Nadella offered two points of optimism for the long term. He noted that free and low-cost OEM licenses are helping device partners bring sub-$200 Windows laptops and tablets to the market, which should help Microsoft's consumer market share. He also said the next version of Windows would scale across all device types, replacing Windows 8.1, Windows RT, and Windows Phone with a single, unified OS. He didn't go into much detail, but with Windows 8.1 considered a bust, the next version needs bold changes.

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Michael Endler joined InformationWeek as an associate editor in 2012. He previously worked in talent representation in the entertainment industry, as a freelance copywriter and photojournalist, and as a teacher. Michael earned a BA in English from Stanford University in 2005 ... View Full Bio

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Lorna Garey
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Lorna Garey,
User Rank: Author
7/23/2014 | 11:14:04 AM
No surprise
Hardware margins are always thin -- seems like the point is the linkage and driving adoption of your OSes and software. Oh, and your cloud services. As long as MS isn't actively losing money on phones and tablets I can't see the downside to being in the hardware game.
melgross
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melgross,
User Rank: Ninja
7/23/2014 | 11:56:12 AM
Re: No surprise
Lorna, what do you mean by "thin"? Yes, it's true that manufactures with poor products, as we see for most of the Windows industry, the margins are thin. But for companies that make better quality products, that's not so. I would imagine that no matter what Microsoft may say, they expected big demand for their various Surface models, and correspondingly good profits. After all, they were targeting the iPad and iPhone, not cheap Android devices. The fact that people, and organizations, simply weren't interested in Microsoft's efforts, is what has resulted in their losing so much money in these areas. It's not that hardware has thin margins. But it would be true that software does have usurious margins. Why is it that companies that make good hardware margins are excoriated, while software companies that have absurdly high margins are not? Where does it say that over 75% margins in software is ok, when 40% hardware margins are considered to be almost criminal? Microsoft may have thin margins on their hardware, if not negative, because no one wants their products, so that marketing costs become the largest percentage of costs, right after R&D, making a profit impossible. Just curious. Do Apple and Cisco have thin margins, and are their margins fair? How about Microsoft's software margins?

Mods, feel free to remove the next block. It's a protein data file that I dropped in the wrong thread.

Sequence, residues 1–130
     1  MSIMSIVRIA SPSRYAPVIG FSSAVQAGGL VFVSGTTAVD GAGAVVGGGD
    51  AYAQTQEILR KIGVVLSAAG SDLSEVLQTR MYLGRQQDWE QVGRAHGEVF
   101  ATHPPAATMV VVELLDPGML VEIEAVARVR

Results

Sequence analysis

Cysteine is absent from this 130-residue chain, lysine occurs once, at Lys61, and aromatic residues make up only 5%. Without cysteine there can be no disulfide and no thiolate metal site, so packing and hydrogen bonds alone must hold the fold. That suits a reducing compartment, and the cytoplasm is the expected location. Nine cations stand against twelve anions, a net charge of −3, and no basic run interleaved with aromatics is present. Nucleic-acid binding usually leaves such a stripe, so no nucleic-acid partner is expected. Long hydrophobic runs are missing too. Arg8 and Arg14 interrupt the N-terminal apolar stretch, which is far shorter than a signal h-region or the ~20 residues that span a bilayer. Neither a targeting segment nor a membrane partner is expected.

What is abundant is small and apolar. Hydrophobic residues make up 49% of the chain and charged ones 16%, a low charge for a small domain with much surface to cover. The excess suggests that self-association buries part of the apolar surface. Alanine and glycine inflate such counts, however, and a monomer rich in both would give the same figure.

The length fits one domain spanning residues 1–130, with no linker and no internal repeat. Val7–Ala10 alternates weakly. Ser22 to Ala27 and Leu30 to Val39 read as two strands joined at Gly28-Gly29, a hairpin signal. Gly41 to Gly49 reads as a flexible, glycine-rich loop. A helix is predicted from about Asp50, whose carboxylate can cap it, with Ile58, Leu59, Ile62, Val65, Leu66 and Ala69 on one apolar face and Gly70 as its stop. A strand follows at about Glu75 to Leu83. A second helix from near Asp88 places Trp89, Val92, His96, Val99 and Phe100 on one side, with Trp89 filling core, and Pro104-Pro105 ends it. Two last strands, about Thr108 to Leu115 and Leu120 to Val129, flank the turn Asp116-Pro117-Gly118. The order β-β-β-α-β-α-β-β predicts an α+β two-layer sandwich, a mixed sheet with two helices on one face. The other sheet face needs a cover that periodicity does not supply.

Lorna Garey
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Lorna Garey,
User Rank: Author
7/23/2014 | 12:06:39 PM
Re: No surprise
I didn't say anything about huge software margins being OK (more on that in a bit). But to start, saying "no one wants their products" is patently incorrect. Surface may not be for everyone, but my college-age daughter bought one (with her own money) and likes it a lot. I've talked with business people whose companies support the devices, and they find them of good quality and suitable for work.There's a huge market globally for lower-end and midrange smartphones. Not everyone is an Apple fan.

And, frankly, in terms of huge margins, we're a market-driven economy. No one "deserves" any given profit margin by right. A company is in business to make as much profit as the market will bear. If Microsoft or Cisco or Apple can get people to pay X dollars for a product, hard or soft, that's exactly what they should be charging. "Fairness" has exactly nothing to do with it.
melgross
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melgross,
User Rank: Ninja
7/23/2014 | 1:10:37 PM
Re: No surprise
Of course, by saying no one, I don't literally mean no one. But a 2 or 3% marketshare is as close to no one as can be achieved for a major company. Without actually knowing how many of these have sold, and we all know how inaccurate both Gartner and IDC are. Without Microsoft giving us numbers, we may never know. And they don't tell if the numbers are bad. As for fairness, I'm not saying anything is fair or not, but a lot of people do.